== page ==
Share this entry

Share this page

pocket

Pronunciation: /ˈpɑːkət; ˈpɒkɪt/

Translation of pocket in Spanish:

noun/nombre

  • 1 1.1 (in garment) bolsillo (masculine) or (in Mexico also/en México también) bolsa (feminine) back/top pocket bolsillo or (in Mexico also/en México también) bolsa de atrás/superior with her hands in her pockets con las manos (metidas) en los bolsillos to be in sb's pocket they're all in the mayor's pocket el alcalde los tiene a todos metidos en el bolsillo to have sb in one's pocket tener* a algn (metido) en el bolsillo to have sth in one's pocket tener* algo asegurado or (in Spain also/en España también) en el bote to line one's own pockets forrarse [colloquial/familiar] to live/be in each other's pockets (British English/inglés británico) estar* uno encima del otro 1.2 (financial resources) bolsillo (masculine) prices to suit every pocket precios para todos los bolsillos to pay for sth out of o from one's own pocket pagar* algo de su propio bolsillo see also out-of-pocket
    Example sentences
    • Kind-hearted readers have dug deep into their own pockets to replace the money stolen from a collection tin destined for our Cancer Appeal.
    • A wide variety of hotels are available to suit all pockets.
    • Like any parent whose pockets are empty, I turned a deaf ear.
    1.3 (holder — in car door) portamapas (masculine); (— inside, outside bag) bolsillo (masculine); (— on billiard, snooker, pool table) tronera (feminine)
    Example sentences
    • I turned around to see someone standing there with his hands in his pants pockets, smiling.
    • It has two zippered side-entry pockets and high-quality ribbing at the waist and cuffs.
    • Sadly this happened to us recently after my smart smart brother left a biro in his shirt pocket.
    Example sentences
    • There are storage pockets in all four doors, which is always appreciated.
    • The process also allows for part integration, like storage bins, map pockets and cup holders built into door panels.
    • There are plenty more stowage points dotted around the car, including glove box, front door pockets, cup and bottle holders, and a special slide out shelf beneath the front seats.
    Example sentences
    • Wisely selecting the six ball for the side pocket, you carefully position the cue ball.
    • I leaned over the table, aiming to bounce the white ball off of a side to knock a blue ball into the corner pocket.
    • The pool hall was full of seedy characters as Sabrina sunk a red ball into the corner pocket, slamming two more in on rebound.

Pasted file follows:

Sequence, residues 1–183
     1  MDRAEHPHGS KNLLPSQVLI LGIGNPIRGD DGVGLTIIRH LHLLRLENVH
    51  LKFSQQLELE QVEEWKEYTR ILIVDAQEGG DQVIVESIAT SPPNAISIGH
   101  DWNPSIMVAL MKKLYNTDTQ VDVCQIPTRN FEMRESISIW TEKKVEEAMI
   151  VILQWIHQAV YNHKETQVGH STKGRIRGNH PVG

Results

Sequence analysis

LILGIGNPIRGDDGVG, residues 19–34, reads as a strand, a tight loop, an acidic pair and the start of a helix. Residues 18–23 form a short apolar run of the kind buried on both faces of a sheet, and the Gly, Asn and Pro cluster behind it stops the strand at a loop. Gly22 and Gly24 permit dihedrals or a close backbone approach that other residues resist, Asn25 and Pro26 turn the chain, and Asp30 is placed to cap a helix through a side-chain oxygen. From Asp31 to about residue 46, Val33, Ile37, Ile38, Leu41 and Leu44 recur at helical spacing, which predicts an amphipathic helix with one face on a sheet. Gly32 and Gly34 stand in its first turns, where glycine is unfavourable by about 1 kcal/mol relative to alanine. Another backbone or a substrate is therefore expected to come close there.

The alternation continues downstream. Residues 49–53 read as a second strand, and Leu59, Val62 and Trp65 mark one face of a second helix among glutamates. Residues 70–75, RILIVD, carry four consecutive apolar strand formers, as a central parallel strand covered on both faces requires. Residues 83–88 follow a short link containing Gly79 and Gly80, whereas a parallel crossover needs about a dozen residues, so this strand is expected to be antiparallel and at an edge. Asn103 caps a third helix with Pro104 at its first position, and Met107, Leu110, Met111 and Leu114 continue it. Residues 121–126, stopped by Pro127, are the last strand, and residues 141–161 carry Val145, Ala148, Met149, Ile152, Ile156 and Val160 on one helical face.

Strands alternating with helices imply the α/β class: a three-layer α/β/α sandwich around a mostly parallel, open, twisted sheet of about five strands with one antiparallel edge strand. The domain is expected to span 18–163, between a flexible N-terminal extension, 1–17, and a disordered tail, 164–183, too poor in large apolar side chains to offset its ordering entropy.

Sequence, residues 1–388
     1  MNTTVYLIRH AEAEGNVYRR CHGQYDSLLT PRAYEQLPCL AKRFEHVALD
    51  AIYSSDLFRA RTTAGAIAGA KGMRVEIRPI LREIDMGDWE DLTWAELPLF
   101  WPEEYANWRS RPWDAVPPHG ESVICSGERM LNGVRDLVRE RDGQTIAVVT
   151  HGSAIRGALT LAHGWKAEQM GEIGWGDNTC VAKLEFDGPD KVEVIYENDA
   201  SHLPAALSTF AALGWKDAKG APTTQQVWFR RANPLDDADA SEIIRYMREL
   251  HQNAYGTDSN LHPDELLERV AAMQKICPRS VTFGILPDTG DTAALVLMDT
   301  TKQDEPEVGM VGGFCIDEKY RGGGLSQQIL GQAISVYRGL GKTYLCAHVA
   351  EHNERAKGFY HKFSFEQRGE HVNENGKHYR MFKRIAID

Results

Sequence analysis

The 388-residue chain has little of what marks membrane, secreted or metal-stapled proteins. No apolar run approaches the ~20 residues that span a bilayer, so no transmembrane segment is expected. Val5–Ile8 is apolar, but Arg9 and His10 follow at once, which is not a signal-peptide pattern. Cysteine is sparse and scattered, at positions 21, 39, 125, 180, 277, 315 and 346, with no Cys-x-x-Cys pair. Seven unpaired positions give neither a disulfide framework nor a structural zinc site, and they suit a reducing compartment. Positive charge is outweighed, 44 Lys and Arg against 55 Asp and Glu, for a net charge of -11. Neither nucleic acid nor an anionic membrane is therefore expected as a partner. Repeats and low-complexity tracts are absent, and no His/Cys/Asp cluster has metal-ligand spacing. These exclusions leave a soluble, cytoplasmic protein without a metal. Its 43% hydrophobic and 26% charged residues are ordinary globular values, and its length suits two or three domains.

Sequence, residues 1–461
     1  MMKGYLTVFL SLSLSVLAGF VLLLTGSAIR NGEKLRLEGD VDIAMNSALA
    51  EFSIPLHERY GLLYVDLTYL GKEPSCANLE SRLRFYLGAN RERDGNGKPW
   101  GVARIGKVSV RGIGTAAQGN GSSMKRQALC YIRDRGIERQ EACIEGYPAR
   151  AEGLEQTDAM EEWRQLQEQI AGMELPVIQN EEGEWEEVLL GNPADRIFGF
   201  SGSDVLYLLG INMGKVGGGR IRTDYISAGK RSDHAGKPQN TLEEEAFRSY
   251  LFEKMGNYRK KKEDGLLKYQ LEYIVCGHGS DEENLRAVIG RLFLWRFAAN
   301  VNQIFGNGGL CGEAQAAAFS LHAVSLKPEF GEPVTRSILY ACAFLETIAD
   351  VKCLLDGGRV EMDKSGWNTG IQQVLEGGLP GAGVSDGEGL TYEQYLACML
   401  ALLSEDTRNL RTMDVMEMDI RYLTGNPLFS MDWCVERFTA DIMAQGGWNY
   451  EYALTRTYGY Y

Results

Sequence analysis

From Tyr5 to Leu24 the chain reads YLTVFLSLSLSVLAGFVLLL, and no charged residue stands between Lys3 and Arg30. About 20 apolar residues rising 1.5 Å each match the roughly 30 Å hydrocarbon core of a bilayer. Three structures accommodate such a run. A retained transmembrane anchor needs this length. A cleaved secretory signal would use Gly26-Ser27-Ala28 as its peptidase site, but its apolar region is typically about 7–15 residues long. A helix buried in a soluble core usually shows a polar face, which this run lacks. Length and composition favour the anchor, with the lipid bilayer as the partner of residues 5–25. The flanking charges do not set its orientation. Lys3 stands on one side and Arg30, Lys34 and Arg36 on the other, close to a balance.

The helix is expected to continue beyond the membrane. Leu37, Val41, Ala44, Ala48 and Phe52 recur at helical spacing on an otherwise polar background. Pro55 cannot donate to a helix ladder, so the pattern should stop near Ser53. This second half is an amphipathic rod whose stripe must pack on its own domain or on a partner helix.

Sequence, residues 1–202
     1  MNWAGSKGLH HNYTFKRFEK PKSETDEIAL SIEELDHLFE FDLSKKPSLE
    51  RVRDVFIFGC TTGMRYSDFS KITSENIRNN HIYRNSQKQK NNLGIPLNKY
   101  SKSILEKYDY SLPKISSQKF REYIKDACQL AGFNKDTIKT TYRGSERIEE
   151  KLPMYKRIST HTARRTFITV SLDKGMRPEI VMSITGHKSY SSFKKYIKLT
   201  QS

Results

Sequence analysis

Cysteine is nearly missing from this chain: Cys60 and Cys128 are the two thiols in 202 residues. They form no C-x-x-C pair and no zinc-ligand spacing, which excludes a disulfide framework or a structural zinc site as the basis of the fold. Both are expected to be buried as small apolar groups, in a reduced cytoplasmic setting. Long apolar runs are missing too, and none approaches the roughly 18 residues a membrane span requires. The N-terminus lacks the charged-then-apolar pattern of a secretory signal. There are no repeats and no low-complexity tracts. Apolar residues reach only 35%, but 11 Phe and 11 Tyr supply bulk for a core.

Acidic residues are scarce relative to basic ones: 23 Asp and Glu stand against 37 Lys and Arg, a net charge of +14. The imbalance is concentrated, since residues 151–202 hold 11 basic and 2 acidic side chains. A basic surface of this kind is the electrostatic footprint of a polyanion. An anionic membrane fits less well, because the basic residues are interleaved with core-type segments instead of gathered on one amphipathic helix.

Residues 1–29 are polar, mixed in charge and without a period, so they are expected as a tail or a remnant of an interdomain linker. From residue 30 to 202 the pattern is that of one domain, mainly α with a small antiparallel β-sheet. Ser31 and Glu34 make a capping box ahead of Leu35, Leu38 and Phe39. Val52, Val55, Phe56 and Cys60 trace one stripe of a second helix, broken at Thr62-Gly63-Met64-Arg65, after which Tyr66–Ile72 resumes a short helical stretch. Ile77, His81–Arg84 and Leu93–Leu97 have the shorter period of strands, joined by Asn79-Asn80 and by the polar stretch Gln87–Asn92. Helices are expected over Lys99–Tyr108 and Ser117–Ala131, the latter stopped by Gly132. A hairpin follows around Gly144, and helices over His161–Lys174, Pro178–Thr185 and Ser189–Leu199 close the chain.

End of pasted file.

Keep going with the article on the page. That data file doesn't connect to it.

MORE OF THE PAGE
• 2 (small area) bolsa (feminine) a pocket of gas una bolsa de gas pockets of resistance/unemployment bolsas (feminine plural) or focos (masculine plural) de resistencia/desempleo
    Example sentences
    • A month or so ago I called at Browns Nursery in Wigginton to buy a few primulas to give the garden pockets of bright colour.
    • The temperature plummeted; large slabs of permanent ice replaced occasional pockets of snow.
    • Then Bob took over, planting colorful flowers in poolside pockets and on the terraced hillside.
  • 3 (in US football) pocket (masculine) ([ área protegida detrás de la línea de golpeo ])

transitive verb/verbo transitivo

  • 1.1 (put in pocket) meterse or guardarse en el bolsillo he pocketed the cards se metió or se guardó las cartas en el bolsillo 1.2 (steal, gain) [colloquial/familiar] embolsarse [colloquial/familiar] she pocketed the change se quedó con el cambio, se embolsó el cambio [colloquial/familiar] 1.3 (in snooker, pool) entronerar

adjective/adjetivo

  • (before noun/delante del nombre) [camera/dictionary/calculator] de bolsillo

Definition of pocket in:

Share this entry

Share this page

 

What do you find interesting about this word or phrase?

Comments that don't adhere to our Community Guidelines may be moderated or removed.

Get more from Oxford Dictionaries

Subscribe to remove adverts and access premium resources

Word of the day trocha
f
path …
Cultural fact of the day

Spain's literary renaissance, known as the Golden Age (Siglo de Oro/i>), roughly covers the sixteenth and seventeenth centuries. It includes the Italian-influenced poetry of figures such as Garcilaso de la Vega; the religious verse of Fray Luis de León, Santa Teresa de Ávila and San Juan de la Cruz; picaresque novels such as the anonymous Lazarillo de Tormes and Quevedo's Buscón; Miguel de Cervantes' immortal Don Quijote; the theater of Lope de Vega, and the ornate poetry of Luis de Góngora.